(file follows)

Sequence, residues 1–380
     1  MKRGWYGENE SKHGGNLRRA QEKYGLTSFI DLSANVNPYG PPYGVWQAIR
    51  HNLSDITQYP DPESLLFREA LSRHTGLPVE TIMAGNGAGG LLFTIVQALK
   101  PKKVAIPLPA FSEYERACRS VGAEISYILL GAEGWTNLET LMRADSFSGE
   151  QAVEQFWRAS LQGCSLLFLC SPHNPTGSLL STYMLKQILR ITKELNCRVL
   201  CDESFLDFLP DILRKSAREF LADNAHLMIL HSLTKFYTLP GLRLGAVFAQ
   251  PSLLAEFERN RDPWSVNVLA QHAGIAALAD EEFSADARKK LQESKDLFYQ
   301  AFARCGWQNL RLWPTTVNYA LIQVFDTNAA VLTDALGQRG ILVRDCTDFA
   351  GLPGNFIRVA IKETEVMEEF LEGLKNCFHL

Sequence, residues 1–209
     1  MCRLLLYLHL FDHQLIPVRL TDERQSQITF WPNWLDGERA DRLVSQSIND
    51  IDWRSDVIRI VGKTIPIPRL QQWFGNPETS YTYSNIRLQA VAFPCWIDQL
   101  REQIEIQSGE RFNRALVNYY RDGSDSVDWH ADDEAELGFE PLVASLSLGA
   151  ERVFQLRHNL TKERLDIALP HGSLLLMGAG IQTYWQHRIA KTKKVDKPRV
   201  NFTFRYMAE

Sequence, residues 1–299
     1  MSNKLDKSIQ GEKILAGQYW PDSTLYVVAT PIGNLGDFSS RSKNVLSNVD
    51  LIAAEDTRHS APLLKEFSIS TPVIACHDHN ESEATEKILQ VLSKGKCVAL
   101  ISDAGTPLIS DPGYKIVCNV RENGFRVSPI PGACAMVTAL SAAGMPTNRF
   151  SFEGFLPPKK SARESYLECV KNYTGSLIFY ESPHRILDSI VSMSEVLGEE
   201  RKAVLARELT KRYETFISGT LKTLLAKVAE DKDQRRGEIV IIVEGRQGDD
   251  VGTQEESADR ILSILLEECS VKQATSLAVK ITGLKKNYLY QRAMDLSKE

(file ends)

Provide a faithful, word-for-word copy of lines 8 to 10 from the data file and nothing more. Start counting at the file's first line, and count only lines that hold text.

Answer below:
   301  AFARCGWQNL RLWPTTVNYA LIQVFDTNAA VLTDALGQRG ILVRDCTDFA
   351  GLPGNFIRVA IKETEVMEEF LEGLKNCFHL

Sequence, residues 1–209